Archive for July, 2009
I came across this incredible video of a 3-D animated building that I thought was very cool. This is a 3-D projection system by Urbanscreen in Germany. Why do all these cool things seem to be in Germany and not in the US?
Many years ago, I had a big HO Scale train set in my basement. (This is the best photo of it I could find, at right.) I made mountains out of plaster with tunnels for the trains, I had a house that was on fire, a McDonalds, farms, neighborhoods and, of course, a train station. I thought it was pretty good.
But my piano teacher’s husband had a much more impressive train set-up in his basement. He had used several different train scales to create the illusion of distance. He also made most of his houses by hand. It was very impressive and inspirational. I have some of the homes he made to this day. I can’t help but wonder what happened to the rest of them.
I grew up in the Lehigh Valley in Pennsylvania and not too far from us in Shartlesville, PA, was a tourist attraction called Roadside America. It was a most impressive train panorama covering 8,000 square feet, and claimed at the time to be the largest in the world. It was like condensing different areas of America into one location. You could walk all along the outside of the room to view the different areas. There are underground sections including a recreation of Luray Caverns, and you can choose to climb into some of the mountains to view the entire set-up from above. There are buttons located at strategic places around the room that let you operate parts of the display such as a merry-go-round. At certain times (once an hour, I think) Roadside America has a nighttime phase. Everyone gets a good location to watch and the "sun" sets and all the lights come on in the homes and streets of the little village. There’s also a patriotic display on one wall of the room. Most of the work at Roadside America was done by Laurence Gieringer and it has remained basically as it was when he died in 1963.
In recent years, my sister moved to New Jersey and I became aware of another railway near her called Northlandz in Flemington, which claims to be the "Worlds Largest Model Railroad". We visited a few years ago and it is quite a bit bigger than Roadside America. At Northlandz, you weave your way in and out of different rooms for nearly a mile, sometimes viewing the same location from very different viewpoints. Northlandz boasts 52,000 square feet with up to 100 trains traveling more than 8 miles of track, 400 bridges and trestles, and thousands of buildings. They claim that the building materials used would construct about 40 houses. Their tallest mountain is 30 feet high, which would be about 6,000 feet if it was life-sized. Northlandz also has a 2,000 pipe theater pipe organ, a large doll collection, and a 94-room dollhouse.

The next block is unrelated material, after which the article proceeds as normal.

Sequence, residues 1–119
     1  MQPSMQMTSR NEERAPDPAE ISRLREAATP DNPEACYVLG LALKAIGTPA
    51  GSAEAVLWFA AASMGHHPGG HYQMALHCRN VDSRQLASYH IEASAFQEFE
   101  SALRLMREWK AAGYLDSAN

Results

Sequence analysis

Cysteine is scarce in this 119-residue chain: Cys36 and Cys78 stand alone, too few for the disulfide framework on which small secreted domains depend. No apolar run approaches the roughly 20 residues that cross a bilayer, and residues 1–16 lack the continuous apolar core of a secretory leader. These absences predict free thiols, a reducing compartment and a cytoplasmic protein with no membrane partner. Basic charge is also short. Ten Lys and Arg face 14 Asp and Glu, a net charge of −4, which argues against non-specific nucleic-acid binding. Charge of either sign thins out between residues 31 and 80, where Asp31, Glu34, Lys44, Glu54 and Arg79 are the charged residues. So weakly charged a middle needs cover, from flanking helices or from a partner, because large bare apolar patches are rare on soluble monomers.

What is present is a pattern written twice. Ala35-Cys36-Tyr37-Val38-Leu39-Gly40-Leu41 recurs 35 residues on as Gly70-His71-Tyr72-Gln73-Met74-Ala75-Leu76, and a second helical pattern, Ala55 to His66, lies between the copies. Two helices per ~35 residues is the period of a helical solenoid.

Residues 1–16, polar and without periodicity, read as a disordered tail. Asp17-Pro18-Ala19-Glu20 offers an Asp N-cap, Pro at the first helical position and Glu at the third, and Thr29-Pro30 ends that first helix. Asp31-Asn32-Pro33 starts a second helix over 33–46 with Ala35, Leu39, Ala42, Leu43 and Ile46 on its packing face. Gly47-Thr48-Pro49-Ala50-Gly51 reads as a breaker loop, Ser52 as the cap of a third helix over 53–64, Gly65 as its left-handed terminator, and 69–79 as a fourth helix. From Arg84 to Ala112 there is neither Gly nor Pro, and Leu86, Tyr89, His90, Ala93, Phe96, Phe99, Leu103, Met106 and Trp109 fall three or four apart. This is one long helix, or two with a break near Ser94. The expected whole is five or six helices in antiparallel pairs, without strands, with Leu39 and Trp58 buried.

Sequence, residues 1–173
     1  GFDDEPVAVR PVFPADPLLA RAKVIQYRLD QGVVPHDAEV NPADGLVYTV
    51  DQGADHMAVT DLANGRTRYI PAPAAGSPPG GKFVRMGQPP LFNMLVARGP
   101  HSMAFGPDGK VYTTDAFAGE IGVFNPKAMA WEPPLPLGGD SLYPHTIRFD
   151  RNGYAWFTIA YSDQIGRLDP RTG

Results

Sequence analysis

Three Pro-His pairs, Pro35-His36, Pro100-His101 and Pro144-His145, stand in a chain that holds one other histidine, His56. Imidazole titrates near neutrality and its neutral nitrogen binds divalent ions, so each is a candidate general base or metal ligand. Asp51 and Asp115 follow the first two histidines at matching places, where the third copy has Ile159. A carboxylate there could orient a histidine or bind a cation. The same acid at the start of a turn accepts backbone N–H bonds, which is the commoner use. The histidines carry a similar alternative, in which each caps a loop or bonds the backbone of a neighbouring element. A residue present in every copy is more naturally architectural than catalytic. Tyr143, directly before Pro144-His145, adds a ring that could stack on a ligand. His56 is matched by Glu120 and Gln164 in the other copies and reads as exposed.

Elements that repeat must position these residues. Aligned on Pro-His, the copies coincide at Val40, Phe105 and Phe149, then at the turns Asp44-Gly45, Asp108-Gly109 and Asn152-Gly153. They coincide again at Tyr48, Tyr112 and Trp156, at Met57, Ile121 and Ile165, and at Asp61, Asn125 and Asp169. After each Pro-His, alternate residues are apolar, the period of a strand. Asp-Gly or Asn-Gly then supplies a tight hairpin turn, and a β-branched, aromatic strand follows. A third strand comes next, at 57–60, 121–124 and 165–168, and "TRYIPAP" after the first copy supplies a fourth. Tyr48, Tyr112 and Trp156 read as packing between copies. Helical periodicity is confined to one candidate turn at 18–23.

A few days ago I stumbled across a video online of an attraction in Germany called Miniatur Wunderland. I don’t speak German, but I think the translation is obvious. Miniatur Wonderland was created by brothers Frederick and Gerrit Braun and boasts that they are the largest model railway in the world. However, they currently occupy 43,056 square feet, which, by my count, puts it almost 9,000 square feet less than Northlandz. I believe we have a controversy here. At least for a little while since they have plans of expanding by 2014 to 64,583 square feet. (Although on their website, they also say that the "model area" is 900 square meters (which is 9,687 square feet, so it may be somewhat smaller, if I’m doing my math right.)
Some of Wunderland’s stats:
9,000 meters of track length
700 trains (longest is 14.51 meters)
2,800 buildings and bridges
They have a staff of 162 people, requires 33 computers, and they have about 475,000 work hours into the attraction.
Whatever the stats, this project is impressive to say the least. They have wonderful details throughout such as a crime scene with a floating body, boats that travel on real water, cars that drive on roads (how do they do that?!), and a nighttime with an amazing light display (check out Las Vegas!)
Of course, I haven’t been to Germany lately, so I haven’t seen Wunderland myself, but from what I’ve seen online, it appears to be more colorful and bright than most miniature train displays I’ve seen.
Here is a wonderful "corporate" video of Miniatur Wunderland.
Well, I love Disney. I respect Barak Obama. Love the Hall of the Presidents. And I really enjoy behind the scenes stuff. So I don’t need to tell you how much I enjoyed this.
The Obama Animatronic will have a speaking role along with Washington and Lincoln (who will, for the first time, recite the entire Gettysburg Address). The revised and updated attraction reopened July 2, just in time for Independence Day.
Apparently, the Bill Clinton animatronic was recycled for President Bush, and now once again for Barak Obama. This is done because it is a much more complex animatronic and is needed for the current president’s speech. Once they are out of office, they have much less movement and do not require as complex an animatronic. It takes some time to re-work the show as the presidents must be moved around to make a space for the current one and the entire roll-call of presidents must be re-recorded and implemented.
Here is the behind-the-scenes Obama video as posted on the White House blog. I must say that one thing about this following video that I noticed is that President Obama didn’t seem to be aware of the attraction, asking if they were "holograms". Seems odd to me that the President wouldn’t be aware of this show.
Following is a video of the updated show.
One last thing that I find interesting about this is that the animatronic presidents receive applause. Very strange.
Writing this post reminded me that I forgot to post about our excellent visit to the Toy Story Zoetrope in Disney Land this past holiday. Watch for that post soon!